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Los Banos Hospital




“The foundation of this hospital, due to the initiative of St. Peter the Baptist, goes back to 1590.  The discovery of thermal springs on the site led this saint to open the hospital, for the hot springs were known to cure certain illnesses.  But soul of this foundation in its early years was the lay brother Fray Diego de Santa Maria, who, besides his evangelical charity, possessed no mean knowledge of medicine and surgery.  By a decree of 21 July 1602, confirmed some time later by the government, the Cabildo authorized Fray Diego to open a hospital there.  And putting hands to the tasks, a building of light materials was constructed out of nothing, which he named Holy Waters Hospital of Mainit.  In 1608, some rich natives made a donation of lands to the hospital.  With this and other donations, with the work of the religious, and with the aid of the government, the Holy Waters Hospital quickly reached a high level of prosperity.  A big building of stone was constructed in 1671, but with the years, after the Franciscans had surrendered its supervision to the Patronato, it began to decline visibly until in 1727 it disappeared completely in a fire. Initiated by Governor Domingo Motiones, the Franciscans rebuilt it in 1877,  but they did not bind themselves to take charge of its administration, although the government had offered it to them” (Fernandez, Pablo, OP, “ The Church in the History of the Philippines, “Boletin Eclesiastico de Filipinas, 44 [1970], 653-654.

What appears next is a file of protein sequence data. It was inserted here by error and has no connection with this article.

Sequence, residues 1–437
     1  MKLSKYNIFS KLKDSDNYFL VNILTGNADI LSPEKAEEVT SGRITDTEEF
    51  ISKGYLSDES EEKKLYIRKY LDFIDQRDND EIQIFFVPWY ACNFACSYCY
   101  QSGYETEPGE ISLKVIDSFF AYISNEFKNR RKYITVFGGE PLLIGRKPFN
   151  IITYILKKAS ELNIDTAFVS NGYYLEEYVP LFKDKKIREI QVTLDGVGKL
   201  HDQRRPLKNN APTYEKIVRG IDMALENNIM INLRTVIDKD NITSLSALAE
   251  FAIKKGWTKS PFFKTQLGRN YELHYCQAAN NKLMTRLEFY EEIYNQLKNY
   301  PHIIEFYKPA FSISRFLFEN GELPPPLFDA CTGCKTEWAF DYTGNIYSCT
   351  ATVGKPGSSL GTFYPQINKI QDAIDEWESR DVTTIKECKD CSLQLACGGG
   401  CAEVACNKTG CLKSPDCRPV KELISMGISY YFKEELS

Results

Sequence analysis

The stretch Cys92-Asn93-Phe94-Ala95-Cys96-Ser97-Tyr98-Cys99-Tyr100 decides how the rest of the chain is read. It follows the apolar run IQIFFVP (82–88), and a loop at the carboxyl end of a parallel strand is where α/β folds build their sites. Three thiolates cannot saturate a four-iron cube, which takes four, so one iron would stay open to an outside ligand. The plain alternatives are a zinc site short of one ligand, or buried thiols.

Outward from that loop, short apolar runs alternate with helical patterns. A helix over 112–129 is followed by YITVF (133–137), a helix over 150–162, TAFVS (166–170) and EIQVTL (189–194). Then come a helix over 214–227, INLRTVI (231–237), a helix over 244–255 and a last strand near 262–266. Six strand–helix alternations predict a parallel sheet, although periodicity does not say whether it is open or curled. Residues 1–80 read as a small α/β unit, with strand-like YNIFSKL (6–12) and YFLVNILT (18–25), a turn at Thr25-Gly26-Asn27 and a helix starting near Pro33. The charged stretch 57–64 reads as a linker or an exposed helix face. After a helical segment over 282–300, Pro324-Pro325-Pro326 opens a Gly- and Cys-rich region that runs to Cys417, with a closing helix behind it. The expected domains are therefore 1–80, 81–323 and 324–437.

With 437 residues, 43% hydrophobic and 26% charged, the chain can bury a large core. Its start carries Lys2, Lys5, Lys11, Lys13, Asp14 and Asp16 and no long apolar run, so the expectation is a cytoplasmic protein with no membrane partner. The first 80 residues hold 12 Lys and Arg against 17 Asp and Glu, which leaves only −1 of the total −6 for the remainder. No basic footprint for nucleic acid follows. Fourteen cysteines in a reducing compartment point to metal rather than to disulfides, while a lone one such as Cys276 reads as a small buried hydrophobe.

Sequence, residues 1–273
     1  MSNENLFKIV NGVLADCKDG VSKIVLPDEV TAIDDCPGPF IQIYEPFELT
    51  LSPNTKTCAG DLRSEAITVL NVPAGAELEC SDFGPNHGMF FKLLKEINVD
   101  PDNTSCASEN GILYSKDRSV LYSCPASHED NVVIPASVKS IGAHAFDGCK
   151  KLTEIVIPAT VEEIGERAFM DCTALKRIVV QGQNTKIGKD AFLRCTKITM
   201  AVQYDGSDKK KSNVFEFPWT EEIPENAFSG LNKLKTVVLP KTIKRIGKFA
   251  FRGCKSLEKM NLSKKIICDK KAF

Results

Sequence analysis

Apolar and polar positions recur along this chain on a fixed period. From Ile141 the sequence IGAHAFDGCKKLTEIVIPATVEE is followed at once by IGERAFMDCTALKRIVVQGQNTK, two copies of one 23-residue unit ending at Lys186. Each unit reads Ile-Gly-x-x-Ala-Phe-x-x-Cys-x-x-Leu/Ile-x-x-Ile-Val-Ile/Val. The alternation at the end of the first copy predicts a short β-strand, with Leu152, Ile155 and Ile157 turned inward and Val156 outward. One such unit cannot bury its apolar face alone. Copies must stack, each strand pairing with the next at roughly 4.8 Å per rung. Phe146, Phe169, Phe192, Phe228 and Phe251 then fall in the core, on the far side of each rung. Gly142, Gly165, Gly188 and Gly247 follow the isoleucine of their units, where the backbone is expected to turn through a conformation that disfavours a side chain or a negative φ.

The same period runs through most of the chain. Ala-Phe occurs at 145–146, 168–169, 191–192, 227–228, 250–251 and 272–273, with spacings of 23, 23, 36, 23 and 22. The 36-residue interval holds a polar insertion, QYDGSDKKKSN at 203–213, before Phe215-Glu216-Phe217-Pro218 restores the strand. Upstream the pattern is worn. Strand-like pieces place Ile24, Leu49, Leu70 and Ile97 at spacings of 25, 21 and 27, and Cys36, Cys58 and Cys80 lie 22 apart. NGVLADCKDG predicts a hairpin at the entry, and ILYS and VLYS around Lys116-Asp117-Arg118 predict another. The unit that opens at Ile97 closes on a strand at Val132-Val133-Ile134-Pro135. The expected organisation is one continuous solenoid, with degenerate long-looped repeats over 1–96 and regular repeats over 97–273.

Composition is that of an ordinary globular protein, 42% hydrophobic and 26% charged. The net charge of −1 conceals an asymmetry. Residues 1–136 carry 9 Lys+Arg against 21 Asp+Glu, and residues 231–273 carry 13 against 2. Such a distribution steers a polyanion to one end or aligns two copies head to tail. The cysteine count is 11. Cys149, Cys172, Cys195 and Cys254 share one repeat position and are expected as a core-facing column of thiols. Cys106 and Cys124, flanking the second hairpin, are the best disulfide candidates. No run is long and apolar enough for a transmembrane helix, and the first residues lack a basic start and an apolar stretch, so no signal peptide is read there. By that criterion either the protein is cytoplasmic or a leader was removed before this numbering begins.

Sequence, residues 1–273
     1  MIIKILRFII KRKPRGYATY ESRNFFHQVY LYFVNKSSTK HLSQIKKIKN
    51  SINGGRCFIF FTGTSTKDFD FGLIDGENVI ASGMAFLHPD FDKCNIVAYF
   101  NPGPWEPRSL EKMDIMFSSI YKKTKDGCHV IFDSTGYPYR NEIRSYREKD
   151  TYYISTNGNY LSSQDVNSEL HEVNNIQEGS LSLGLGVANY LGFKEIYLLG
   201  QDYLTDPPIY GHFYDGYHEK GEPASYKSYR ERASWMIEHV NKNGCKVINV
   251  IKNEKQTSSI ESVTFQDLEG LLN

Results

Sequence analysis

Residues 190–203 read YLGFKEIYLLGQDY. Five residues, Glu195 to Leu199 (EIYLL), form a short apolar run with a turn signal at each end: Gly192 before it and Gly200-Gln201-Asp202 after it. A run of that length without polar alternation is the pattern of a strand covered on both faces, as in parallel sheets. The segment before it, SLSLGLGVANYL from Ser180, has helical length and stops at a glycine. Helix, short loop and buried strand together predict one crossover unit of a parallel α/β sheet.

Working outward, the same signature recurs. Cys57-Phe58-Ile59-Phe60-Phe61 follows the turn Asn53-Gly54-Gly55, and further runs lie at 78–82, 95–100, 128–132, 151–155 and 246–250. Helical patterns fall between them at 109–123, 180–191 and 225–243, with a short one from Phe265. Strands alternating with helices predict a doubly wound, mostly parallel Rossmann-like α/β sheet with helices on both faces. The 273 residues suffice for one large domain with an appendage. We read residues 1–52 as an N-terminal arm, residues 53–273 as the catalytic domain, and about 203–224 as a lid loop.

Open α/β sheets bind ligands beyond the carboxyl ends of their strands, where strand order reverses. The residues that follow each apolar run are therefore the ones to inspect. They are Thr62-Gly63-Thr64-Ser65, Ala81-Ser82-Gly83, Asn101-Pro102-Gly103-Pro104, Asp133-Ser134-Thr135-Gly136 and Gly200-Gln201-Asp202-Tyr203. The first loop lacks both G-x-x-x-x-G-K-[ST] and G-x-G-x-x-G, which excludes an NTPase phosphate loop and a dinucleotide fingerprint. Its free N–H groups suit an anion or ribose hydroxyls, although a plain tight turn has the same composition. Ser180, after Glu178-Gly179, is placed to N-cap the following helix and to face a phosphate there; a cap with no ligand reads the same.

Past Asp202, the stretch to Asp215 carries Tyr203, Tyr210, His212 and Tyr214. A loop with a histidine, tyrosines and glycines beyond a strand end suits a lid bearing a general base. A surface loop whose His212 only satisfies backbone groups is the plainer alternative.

“In particular, another hospital was founded a year ago for the natives who have been discovered twelve leagues from this city, where a great number of sick people are found who would die if deprived of this aid.  The Fathers of the Society of Jesus are trying to have these fitting works of charity converted into a college building for students.  Such an action would be to divert those funds from their true and legitimate masters who are so needy to a matter that can never under any circumstances be of any use to the Indians.” (“Letter from the Eclesiastical Cabildo to Felipe III, Manila, July 3, 1602”.  see “The Philippine Islands,” by Blair and Robertson, Vol. XXXIV, p. 431).